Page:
Acceptance is the final step of grieving.  It occurs when you have come to the realization that what was is no longer and you start your new normal.  Acceptance doesn’t mean that what happened is ok.  It quite simply means that you are living in reality and have an understanding that life is different.  I will never be ok with what happened to Isabella.  She was robbed of her life.  I have come to the realization that the path Isabella was on prior to her ABI will not be.  However that doesn’t mean that Isabella can’t have a life.  Will it be the same as she was set to prior, no, probably not but at the end of the day, all I want is for Isabella to be happy and live to the best of their ability.  Acceptance doesn’t mean that all is ok it just helps you to keep moving forward.

Chronic sorrow is how best to explain life with a child who has a brain injury.  You are repeatedly faced with a child who in most cases looks exactly like their old self.  However, they are completely different. I miss the Isabella I had for 4.5 years. She was so happy-go-lucky with not a care in the world.  When I have those small glimmers of my old Isabella (however brief and far between they maybe) I take advantage of it.  What I have found is that I love my new Isabella more than I ever loved the prior one.  It is hard to imagine that possible.  The Isabella I have now has become my hero.  I admire her courage to face each day no matter how difficult it maybe.  I admire her determination and I hope she never loses that fight.

“The only people who think there’s a time limit for grief, have never lost a piece of their heart.  Take all the time you need.”  unknown

*taken from www.chronicsorrow.org

SAMSUNG CAMERA PICTURESGuest Blogger, Kristin Olliney-Apruzzese, is the mother of 8-year-old Isabella, who suffered sudden acute encephalitis when she was just 4. Kristin’s bi-monthly blog, Mommy of a Miracle, talks about the trials and joys of raising a brain injury survivor.

Legal Statement: The information contained in this blog does not reflect the specific views of BIA-MA. This blog is published for informational purposes only. BIA-MA is not providing medical, legal or other professional advice with its publication.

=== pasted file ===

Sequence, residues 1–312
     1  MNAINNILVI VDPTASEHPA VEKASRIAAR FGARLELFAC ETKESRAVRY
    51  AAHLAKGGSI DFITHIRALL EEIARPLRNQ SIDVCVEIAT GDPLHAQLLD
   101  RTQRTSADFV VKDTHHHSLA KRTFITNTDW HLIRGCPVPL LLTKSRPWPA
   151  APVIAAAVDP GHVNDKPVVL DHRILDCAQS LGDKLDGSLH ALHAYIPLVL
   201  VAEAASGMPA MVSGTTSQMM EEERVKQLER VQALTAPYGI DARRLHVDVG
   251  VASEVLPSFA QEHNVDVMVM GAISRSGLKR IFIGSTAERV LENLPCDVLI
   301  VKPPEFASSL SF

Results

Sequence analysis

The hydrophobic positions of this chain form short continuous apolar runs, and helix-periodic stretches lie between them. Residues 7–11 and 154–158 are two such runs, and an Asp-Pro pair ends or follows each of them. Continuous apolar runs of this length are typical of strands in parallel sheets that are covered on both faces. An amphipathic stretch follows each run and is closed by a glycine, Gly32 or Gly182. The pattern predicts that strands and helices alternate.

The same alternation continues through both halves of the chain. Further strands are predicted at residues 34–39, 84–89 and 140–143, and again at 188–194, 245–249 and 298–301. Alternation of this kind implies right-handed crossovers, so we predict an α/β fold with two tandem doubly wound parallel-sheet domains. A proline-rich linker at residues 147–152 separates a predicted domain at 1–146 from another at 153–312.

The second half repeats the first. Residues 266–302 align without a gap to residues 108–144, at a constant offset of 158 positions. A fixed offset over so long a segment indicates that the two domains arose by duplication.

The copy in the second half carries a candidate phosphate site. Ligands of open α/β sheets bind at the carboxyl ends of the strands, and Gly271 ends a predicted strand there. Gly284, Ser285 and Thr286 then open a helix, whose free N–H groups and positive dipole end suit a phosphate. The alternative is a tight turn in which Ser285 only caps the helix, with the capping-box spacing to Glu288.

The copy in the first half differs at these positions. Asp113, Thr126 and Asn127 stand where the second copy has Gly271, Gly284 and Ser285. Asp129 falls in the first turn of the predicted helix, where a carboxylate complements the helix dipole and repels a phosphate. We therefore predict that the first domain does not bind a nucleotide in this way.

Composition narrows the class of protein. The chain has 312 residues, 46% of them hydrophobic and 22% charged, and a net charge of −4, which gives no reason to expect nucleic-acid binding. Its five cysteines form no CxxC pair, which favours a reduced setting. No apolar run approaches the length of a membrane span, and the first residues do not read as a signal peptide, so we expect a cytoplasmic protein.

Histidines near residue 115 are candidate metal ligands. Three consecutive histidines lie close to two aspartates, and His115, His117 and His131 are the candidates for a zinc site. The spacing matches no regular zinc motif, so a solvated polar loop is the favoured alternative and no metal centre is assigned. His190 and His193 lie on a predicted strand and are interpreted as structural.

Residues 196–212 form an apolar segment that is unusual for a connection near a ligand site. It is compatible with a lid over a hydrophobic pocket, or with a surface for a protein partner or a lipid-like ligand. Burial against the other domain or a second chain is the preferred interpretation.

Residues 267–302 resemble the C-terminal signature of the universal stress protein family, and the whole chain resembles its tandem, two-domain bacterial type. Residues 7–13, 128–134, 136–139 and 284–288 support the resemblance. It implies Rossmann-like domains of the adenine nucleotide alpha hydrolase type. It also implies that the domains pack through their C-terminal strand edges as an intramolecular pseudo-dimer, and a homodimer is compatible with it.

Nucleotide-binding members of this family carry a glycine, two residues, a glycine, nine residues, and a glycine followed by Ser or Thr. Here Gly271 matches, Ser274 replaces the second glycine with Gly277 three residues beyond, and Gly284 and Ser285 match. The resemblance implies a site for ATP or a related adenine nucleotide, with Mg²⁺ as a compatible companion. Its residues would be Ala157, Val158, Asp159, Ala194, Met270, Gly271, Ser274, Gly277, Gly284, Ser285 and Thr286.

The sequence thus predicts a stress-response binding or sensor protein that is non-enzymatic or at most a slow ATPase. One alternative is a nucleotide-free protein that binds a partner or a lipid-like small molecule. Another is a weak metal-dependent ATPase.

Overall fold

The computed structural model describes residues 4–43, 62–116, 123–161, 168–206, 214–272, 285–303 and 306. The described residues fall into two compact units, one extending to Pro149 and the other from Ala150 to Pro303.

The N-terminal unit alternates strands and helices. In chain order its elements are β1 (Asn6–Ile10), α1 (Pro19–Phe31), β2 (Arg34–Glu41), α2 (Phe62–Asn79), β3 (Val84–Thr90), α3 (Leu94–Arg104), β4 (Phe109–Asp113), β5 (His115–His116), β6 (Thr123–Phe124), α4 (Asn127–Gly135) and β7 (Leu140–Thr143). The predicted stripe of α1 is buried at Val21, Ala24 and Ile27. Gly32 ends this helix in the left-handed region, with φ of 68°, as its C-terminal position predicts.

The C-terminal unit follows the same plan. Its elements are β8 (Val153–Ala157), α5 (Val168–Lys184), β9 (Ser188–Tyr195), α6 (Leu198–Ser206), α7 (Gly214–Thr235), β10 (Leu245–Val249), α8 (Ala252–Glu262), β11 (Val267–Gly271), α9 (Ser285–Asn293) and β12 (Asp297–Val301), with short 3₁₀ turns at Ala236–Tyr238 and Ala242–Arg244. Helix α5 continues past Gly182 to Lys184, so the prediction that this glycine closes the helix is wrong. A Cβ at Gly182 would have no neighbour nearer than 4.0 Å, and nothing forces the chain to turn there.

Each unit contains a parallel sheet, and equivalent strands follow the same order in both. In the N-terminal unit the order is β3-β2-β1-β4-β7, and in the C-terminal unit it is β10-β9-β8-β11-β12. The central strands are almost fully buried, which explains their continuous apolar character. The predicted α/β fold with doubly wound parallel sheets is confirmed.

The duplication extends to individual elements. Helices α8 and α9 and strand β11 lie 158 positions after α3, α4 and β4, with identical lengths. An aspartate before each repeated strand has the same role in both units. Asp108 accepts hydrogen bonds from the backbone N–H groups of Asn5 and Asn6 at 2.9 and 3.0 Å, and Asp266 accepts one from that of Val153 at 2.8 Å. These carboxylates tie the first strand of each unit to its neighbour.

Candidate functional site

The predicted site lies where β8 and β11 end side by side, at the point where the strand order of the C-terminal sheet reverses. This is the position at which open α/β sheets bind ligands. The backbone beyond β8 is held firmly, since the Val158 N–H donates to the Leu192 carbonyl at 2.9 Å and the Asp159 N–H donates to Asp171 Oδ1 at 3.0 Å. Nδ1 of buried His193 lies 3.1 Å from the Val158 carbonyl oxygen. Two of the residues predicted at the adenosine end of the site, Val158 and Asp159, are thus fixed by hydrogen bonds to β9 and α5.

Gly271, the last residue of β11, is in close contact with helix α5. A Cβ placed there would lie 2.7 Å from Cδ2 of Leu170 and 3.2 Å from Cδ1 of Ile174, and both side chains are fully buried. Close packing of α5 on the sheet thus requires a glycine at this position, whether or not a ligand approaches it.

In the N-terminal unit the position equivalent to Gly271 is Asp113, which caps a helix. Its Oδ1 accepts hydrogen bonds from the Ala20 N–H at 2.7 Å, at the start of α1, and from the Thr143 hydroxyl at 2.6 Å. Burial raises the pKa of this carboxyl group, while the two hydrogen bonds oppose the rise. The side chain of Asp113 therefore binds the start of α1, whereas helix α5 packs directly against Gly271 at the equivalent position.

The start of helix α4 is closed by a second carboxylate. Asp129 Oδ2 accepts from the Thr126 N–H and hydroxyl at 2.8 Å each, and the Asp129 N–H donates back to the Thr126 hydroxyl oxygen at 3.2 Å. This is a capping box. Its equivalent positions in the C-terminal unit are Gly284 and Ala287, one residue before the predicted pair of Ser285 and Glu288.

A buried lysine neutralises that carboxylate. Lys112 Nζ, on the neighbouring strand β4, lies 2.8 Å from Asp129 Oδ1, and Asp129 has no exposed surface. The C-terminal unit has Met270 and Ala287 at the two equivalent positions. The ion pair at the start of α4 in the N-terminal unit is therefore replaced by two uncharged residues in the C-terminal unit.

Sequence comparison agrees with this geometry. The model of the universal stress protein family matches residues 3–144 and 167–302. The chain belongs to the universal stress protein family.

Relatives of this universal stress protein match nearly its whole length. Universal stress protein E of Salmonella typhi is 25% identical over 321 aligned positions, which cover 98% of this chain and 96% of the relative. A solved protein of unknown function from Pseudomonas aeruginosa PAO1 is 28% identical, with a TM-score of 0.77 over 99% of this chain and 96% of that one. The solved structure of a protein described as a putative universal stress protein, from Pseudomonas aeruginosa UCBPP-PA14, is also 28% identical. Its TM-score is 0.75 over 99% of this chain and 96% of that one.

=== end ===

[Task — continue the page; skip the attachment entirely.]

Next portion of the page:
“I do” – by Mommy of a Miracle

SAMSUNG CAMERA PICTURESI recently got married and the biggest question I get asked is “how did I do it with Isabella”?  Well it required some “out of the box” thinking. My husband, Joe and I knew each other from growing up in the same town.  He had read about Isabella’s Acquired Brain Injury (ABI) and reached out to me.  From the very beginning our relationship was not typical.  After all, we do not have a typical life.  Traditional dating was replaced with hanging out when Isabella was asleep.  We got engaged at home with Isabella.  When it came time to get married, we knew we had to be creative.

Isabella’s ABI has left her with debilitating anxiety.  She has no control over mood, behavior, emotions, coping etc.   Given the severity of Isabella’s condition, a traditional wedding was never going to work.  Truth be told, Joe and I didn’t even want that.  We decided from the very beginning that there was no way we would get married without her.  It was decided that it would be the three of us and a minister.  The ceremony was set up to be very short and simple.  We decided to record the ceremony because we wouldn’t have pictures other than those that the minister took at the end.

We decided to get married at a local secluded park.  We wanted to do it in the early morning on a weekday to ensure that the park would not have people in it.  I contacted the town, I explained my daughter’s ABI and the reason that I needed the park.  The town gave us a permit for an hour (we only needed a few minutes) and were offered a permit for a secondary location should it rain.  I started bringing Isabella to the park regularly so we could practice.  Each time I would put her in her stroller and walk the same route to the little pond where we would get married.

When our day finally arrived, we were all very excited.  Isabella and I wore the sundresses that we had picked out.  I had my sunflower and daisy bouquet; Isabella had her basket of rose petals to throw just like she wanted.  The weather was beautiful.  Our ceremony went as planned- short and to the point just like we had wanted.  We took a few pictures and it was done.  The rest of the day the three of us spent time doing the things that we love at home.  Our day had its ups and downs, but everyday does.  For us, the day was perfect.

I am telling our wedding story for two reasons.  The first reason, when your child has a brain injury, your life as you once knew (and planned) is over but that doesn’t mean that you still can’t find happiness.  The happiness will be an altered version from what you may have originally thought but you can find it if you try.  Our life is far from perfect but we find happiness in the simple joys of everyday life.  On our wedding day we cherished the moments that we had.  It was the second happiest day of my life, the first being the day that Isabella woke up.  The second reason I am sharing our wedding story is because when your child has a brain injury over time most of the people that swore they would be there for you walk out.  As those people were leaving, my future husband was walking in.  Often times we get so focused on the losses that we miss the possible opportunities.  Alexander Graham Bell once said “When one door closes, another opens; but we often look so long and so regretfully upon the closed door that we do not see the one which has opened for us.” I am so glad that I opened that door.